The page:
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Meet the Bridgebuilders

by Captain Leticia SaundersA funny e-mail entitled “30 Years Difference” circulated recently, depicting all too well the changes in life that 30 years can make. In ’72, your parents may have been begging you to get your hair cut, in 2002, your children are begging you to get their heads shaved! In 1972, you may have experienced acid rock, and in 2002, it is acid reflux! Thirty years ago you rejoiced as you passed your drivers test, 30 years later, you are relieved if you pass the vision test. As I read the e-mail, I was amused (and shocked!) to discover how a 30-year gap really separates our perspectives on the world. I was also shocked and amused to discover that there is–exactly–a 30-year age difference between the oldest and the youngest cadet entering Crestmont College School for Officer Training in the Bridgebuilders Session this fall.

Talk about a generation gap! With the oldest cadet being 50, and the youngest cadet being only 20, they did not “grow up” in the same USA! One can remember when President Kennedy was shot, Vietnam, Saturday Night Fever and Watergate…while the other cannot even remember the tragic explosion of the space shuttle.

The new session of cadets may face cultural gaps, as the Bridgebuilders have a rich ethnic background. One third of the 31 new cadets identify themselves with different nationalities: Native American, African-American, Canadian, Cuban, Filipino, Irish, Korean, European and Caucasian backgrounds make up their diverse session. Their educational experience could divide them as well, with two-thirds still in the process of completing their education, one-third have already completed a total of 13 degrees, which are held between 11 students. Their fields of study are also varied: nursing, social services, political science, history, education, Christian ministries and theology.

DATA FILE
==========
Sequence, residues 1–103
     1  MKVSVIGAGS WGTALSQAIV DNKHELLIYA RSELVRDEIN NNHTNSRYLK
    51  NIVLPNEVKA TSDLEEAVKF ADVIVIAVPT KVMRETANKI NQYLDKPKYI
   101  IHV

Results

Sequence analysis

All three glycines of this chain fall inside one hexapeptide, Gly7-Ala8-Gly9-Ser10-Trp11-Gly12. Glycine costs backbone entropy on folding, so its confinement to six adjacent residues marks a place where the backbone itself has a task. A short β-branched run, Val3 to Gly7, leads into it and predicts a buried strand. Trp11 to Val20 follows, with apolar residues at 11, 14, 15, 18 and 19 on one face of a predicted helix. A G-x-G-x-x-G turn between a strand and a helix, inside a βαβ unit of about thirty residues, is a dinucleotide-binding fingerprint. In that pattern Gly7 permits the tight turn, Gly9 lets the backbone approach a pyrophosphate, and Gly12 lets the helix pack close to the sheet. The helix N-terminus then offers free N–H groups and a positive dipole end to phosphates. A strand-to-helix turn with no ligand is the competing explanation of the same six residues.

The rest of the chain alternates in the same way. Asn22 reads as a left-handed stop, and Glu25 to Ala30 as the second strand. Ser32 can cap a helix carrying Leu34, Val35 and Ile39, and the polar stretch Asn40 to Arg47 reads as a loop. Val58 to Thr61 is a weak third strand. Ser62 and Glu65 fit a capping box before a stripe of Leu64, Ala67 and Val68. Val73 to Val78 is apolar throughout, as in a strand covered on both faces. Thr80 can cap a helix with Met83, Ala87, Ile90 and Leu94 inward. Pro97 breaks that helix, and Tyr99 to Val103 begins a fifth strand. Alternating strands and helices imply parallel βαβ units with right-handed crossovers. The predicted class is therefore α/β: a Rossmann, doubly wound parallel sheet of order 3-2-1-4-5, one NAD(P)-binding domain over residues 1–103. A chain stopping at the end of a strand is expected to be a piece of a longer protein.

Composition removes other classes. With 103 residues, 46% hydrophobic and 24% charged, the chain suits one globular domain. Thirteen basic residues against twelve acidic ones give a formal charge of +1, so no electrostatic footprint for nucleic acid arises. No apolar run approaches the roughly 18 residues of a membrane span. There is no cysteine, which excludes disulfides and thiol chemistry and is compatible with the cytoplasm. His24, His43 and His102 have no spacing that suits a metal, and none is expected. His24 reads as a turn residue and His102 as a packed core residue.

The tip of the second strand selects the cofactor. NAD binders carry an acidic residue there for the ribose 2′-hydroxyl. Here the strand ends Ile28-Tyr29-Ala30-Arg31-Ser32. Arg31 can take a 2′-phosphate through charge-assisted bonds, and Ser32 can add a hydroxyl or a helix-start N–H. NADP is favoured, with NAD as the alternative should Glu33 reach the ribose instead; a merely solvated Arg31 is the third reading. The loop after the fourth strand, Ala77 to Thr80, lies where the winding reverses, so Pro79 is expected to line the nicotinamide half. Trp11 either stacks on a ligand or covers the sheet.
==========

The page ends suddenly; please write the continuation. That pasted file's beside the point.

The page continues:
There is certainly a wide gap in their family makeup, with 10 couples and 11 singles. Out of the singles, four are single parents who brought their children to the College. There are other new “training experiences” occurring for the first time as well: A first-year cadet is a “captain-spouse as she goes through training; her officer husband has an appointment as an assistant officer at a nearby corps! The days of “cadet-spouse” are gone. One of the couples will also experience a different type of training, as they will not be living at Crestmont but their “flex training” program will split their time between traditional cadet classes at Crestmont, and work as corps assistants at a nearby corps. The Bridgebuilders, due to their different circumstances, will each experience a “training setting” that is as unique as their individual situations.

As for the corps experiences the Bridgebuilders left behind, they leave behind them many ministry related positions, for they worked with just about every demographic group, from cradle roll to DIVLOC! Twenty-two of the Bridgebuilders were employed by the Army as program personnel, active leaders in ministry at the local level. While they enter training with a great deal of Salvation Army ministry experience, it has not been the “traditional Army experience” of yesteryear. Of all the local officers positions left vacant, it is interesting to note there of was not one commissioned songster or bandsman in the group, although some have considerable musical experience. With such variety in ages, ethnic backgrounds, marital and parental status, as well as Army experience, this new session of cadets seems more truly representative of the Western Territory than other new sessions in the past.

The Bridgebuilders truly reflect the changing nature of our society, representing mid-stream career moves, single parenthood, and the many individual situations that would not normally “fit” into the traditional “training school garrison” mentality. Our world, and our Army are changing very quickly, but the Bridgebuilders do not see this as a weakness. Instead, they see it as an incredible opportunity to show the world, that while differences exist, their session has been appropriately named Bridgebuilders. Instead of focusing on the differences that could separate, these cadets have individually and collectively dedicated their lives to building bridges between people, groups and generations, in the name of Christ Jesus.

The Bridgebuilders feel called to connect the family of believers with those whose lives may feel distant from God. Having responded to God’s call on their lives, they know that the opportunity for unity exists, but that it can only be found in having a restored relationship with God. Diverse, but not divided, they are uniquely unified in their goal: To be Bridgebuilders for Christ, in a hurting, sinful world.

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